Tessa Jowell: I commend my hon. Friend for the energy that he has put into supporting the development of the Cheshire Oaks sports village; and yes, I would be absolutely delighted to come and see this exemplary new sporting project in his constituency.
While in Vancouver, I had a full programme of meetings, and I am happy to place a list of these in the Libraries of both Houses. The value of those meetings is that they provided real-time opportunity to discuss a number of issues related to city operation of the games and security. I know that the hon. Gentleman will be particularly interested in the time that I spent considering the risk of an increase in human trafficking associated with the Olympic games, and I worked closely with the security services and police officials at federal, district and city level on that. I have met representatives of non-governmental organisations in Vancouver and here, since I returned. We will in due course publish a proper debrief on the Olympic and the Paralympic games.
Mr. Steen: Given that all major sporting events attract an increase in criminal activity, and in view of the fact that the Metropolitan police have said that there are already new indications that criminal activity in east London is increasing, two years before the Olympics, will the Minister consider a major poster campaign on all London buses, on the underground and on sites, to highlight the fact that Britain is no longer a welcome place for human trafficking and to ensure that human traffickers realise that they are no longer welcome in Britain?
Tessa Jowell: The hon. Gentleman is absolutely correct in his last point, and the focus of all the meetings, visits and engagement that I have had on the issue has been that we want to send a signal to traffickers and criminals from around the world that London will not welcome them in the run-up to the 2012 games. The hon. Gentleman should reflect, as I know he does, on the complexity of the matter. No simple conclusions should be drawn, and we are ensuring that we mitigate the risks.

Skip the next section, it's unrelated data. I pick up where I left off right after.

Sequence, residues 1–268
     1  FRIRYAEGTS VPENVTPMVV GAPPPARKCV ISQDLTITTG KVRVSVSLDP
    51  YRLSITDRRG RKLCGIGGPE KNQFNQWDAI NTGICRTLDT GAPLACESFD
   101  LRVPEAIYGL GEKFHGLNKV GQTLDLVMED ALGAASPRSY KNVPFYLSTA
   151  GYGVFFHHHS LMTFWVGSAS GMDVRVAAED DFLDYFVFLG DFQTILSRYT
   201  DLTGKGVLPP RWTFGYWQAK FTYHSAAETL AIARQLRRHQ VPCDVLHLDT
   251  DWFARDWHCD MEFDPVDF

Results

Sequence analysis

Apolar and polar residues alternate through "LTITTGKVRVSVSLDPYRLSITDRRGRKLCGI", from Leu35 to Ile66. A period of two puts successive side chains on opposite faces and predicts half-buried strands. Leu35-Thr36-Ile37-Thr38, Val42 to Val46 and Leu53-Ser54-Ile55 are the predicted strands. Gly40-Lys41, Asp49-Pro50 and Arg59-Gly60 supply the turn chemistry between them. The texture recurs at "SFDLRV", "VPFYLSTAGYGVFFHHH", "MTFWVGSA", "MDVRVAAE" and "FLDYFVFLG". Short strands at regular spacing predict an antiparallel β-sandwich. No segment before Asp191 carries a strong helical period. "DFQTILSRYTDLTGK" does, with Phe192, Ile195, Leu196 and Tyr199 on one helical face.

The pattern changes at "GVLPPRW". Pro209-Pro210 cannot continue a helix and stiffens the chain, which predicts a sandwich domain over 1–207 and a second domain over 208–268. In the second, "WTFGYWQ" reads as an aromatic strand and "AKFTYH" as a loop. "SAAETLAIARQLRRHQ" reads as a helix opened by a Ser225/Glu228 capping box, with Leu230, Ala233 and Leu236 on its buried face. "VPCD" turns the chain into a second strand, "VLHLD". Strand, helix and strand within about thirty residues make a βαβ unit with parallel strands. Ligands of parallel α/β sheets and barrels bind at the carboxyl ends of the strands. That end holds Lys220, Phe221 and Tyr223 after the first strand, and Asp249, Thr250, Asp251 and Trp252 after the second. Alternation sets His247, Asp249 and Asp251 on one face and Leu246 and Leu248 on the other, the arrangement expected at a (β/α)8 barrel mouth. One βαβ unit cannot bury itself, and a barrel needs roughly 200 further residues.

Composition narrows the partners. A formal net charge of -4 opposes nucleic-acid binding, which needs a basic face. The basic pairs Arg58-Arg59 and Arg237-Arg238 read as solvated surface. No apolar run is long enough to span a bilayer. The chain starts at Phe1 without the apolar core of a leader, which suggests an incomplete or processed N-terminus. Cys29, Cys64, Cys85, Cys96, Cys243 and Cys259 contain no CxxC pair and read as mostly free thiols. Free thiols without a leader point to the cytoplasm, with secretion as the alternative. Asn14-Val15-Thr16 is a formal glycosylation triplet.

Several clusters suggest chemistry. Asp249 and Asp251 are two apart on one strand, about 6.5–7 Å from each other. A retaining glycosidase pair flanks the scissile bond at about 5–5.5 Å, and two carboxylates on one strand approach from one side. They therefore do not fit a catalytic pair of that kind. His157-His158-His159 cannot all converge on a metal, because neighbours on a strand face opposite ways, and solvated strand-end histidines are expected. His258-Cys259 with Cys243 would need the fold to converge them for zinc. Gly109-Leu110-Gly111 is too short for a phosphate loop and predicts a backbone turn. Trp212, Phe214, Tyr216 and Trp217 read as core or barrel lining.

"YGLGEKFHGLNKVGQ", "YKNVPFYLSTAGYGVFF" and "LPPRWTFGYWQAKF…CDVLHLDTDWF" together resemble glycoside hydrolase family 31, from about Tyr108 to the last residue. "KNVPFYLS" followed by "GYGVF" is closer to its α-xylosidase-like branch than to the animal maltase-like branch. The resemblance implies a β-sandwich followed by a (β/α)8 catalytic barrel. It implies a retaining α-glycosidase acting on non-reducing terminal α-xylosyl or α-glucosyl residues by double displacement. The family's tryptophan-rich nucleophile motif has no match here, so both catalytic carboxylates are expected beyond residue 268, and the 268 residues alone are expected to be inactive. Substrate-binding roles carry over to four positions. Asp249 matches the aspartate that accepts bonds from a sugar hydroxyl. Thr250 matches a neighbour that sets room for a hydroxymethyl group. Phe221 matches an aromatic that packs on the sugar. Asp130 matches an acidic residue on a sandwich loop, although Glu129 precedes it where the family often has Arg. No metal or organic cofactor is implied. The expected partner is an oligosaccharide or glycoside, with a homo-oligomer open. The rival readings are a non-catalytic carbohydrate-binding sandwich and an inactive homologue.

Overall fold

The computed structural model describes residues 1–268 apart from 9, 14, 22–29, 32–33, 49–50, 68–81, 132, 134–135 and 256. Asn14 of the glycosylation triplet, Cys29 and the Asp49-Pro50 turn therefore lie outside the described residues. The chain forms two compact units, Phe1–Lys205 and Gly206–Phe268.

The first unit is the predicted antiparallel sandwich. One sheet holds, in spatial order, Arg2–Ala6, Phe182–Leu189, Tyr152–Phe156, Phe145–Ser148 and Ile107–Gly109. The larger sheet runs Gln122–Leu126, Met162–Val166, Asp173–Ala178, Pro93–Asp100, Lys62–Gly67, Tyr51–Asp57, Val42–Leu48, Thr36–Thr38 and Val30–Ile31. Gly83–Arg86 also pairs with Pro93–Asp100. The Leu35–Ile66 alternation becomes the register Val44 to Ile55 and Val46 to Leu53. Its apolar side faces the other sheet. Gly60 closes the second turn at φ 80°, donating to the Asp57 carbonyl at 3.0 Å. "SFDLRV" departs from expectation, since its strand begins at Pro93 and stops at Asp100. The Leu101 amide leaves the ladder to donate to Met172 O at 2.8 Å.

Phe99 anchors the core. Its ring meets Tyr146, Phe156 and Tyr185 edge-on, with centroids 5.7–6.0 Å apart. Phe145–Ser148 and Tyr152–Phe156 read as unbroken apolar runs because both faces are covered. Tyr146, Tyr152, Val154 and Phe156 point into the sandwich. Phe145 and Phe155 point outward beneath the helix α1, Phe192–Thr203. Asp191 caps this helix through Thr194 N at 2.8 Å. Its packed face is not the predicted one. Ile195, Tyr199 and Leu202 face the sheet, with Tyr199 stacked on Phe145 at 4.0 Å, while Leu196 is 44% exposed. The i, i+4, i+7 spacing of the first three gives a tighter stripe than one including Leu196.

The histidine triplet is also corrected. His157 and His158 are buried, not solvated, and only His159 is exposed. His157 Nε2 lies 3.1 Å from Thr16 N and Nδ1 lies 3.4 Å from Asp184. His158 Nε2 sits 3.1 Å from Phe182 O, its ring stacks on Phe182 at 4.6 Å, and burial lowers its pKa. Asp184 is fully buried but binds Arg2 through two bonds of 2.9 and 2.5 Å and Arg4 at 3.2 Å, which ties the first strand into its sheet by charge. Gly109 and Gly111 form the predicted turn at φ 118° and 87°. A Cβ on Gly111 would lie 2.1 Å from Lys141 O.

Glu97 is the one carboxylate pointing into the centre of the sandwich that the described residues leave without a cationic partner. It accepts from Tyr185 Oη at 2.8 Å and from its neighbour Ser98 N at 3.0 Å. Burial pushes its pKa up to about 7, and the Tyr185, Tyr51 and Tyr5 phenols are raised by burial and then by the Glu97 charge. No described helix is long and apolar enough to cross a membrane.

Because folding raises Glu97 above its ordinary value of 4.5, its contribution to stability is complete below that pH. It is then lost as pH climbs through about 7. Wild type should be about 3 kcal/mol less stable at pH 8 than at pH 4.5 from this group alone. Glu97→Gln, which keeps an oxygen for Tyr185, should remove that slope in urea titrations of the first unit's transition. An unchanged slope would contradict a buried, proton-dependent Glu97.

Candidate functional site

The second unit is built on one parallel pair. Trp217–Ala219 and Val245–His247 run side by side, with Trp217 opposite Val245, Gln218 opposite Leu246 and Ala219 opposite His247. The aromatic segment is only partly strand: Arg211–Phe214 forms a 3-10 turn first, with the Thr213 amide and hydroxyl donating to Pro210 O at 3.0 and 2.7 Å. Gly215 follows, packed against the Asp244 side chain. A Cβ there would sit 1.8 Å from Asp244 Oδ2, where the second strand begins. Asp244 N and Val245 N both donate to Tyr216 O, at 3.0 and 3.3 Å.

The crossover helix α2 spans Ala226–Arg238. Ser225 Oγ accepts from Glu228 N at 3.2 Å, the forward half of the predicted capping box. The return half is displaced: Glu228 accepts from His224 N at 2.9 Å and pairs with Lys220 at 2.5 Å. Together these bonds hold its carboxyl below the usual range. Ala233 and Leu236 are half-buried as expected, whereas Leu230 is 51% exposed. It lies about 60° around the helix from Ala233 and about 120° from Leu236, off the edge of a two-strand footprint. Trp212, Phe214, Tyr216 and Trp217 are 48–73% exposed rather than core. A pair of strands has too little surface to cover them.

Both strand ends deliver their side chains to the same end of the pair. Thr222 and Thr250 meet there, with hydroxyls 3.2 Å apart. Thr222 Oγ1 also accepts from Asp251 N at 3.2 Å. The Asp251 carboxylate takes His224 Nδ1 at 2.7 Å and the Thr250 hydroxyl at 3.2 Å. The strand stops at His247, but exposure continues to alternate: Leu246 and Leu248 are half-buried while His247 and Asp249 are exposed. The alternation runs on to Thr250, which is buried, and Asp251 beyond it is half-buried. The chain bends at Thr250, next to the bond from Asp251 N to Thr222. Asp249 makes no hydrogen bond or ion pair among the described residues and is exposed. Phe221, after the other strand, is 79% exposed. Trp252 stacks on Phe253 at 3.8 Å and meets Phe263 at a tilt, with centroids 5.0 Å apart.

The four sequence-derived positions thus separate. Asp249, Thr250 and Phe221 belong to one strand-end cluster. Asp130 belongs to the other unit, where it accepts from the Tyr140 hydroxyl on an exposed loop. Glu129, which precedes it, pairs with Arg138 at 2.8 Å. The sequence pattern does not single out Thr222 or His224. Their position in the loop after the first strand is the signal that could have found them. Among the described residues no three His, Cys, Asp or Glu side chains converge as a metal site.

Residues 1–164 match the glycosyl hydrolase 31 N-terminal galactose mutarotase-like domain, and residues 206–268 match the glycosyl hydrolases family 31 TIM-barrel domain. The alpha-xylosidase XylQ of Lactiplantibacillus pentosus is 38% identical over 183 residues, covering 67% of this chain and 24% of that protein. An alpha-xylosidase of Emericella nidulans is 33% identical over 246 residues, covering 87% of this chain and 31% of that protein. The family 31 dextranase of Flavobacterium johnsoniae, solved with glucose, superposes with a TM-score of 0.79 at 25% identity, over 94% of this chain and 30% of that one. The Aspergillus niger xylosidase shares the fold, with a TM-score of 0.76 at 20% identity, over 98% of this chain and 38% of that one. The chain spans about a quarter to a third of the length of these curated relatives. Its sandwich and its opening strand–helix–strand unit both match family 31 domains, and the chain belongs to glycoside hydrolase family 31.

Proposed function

Tom Brake (Carshalton and Wallington) (LD): Cheap ticket prices were fundamental to the success of Vancouver, allowing real sports fans to attend and witness the superb success of Amy Williams from Bath. Some 50,000 free tickets were issued, and 100,000 were issued at less than £16. Equivalent figures in London would be 300,000 free tickets and 600,000 below £16. How many cheap and free tickets does the Minister expect to be issued for London 2012?
Tessa Jowell: The hon. Gentleman knows that I am enormously concerned about ensuring that families with children from right around the country can afford to come to the games, and that tickets are affordable for Londoners. The pricing of tickets is, however, a matter for the London Organising Committee of the Olympic Games and Paralympic Games, which will make announcements about it later this year. I am quite sure that it will listen to the messages that are coming loud and clear from the House about the importance of affordability.
Hugh Robertson (Faversham and Mid-Kent) (Con):
May I add my congratulations to Amy Williams on her gold medal? That is a fantastic way to end Olympic questions for this Parliament. However, her achievement should not disguise the fact that we under-shot the
Government's UK Sport medal target of three; that Snowsport GB, the governing body responsible for snow sports, went into receivership on the eve of the games; and that at a time when we have successfully raised more than £600 million of sponsorship for London 2012, despite the £6 million of lottery and Exchequer funding that has gone into winter sports we have not attracted a major sponsor into that area. As we move forward to the Sochi Olympics-
Hugh Robertson: I was actually just going to finish by asking whether, given all those factors, the Minister now feels it is time for a fundamental review of where we are going with winter sports before Sochi.
Tessa Jowell: I do not want anything to detract from Amy Williams's gold medal or the significant number of top 10 finishes that our athletes had, and nobody in the House should talk down the efforts of team GB, every single member of which deserves our congratulation. It is worth noting that investment in winter sport doubled between Salt Lake City and Vancouver, from £3 million to £6 million for the same number of athletes. I am quite sure that UK Sport, as the responsible body, will want to review progress and the funding strategy.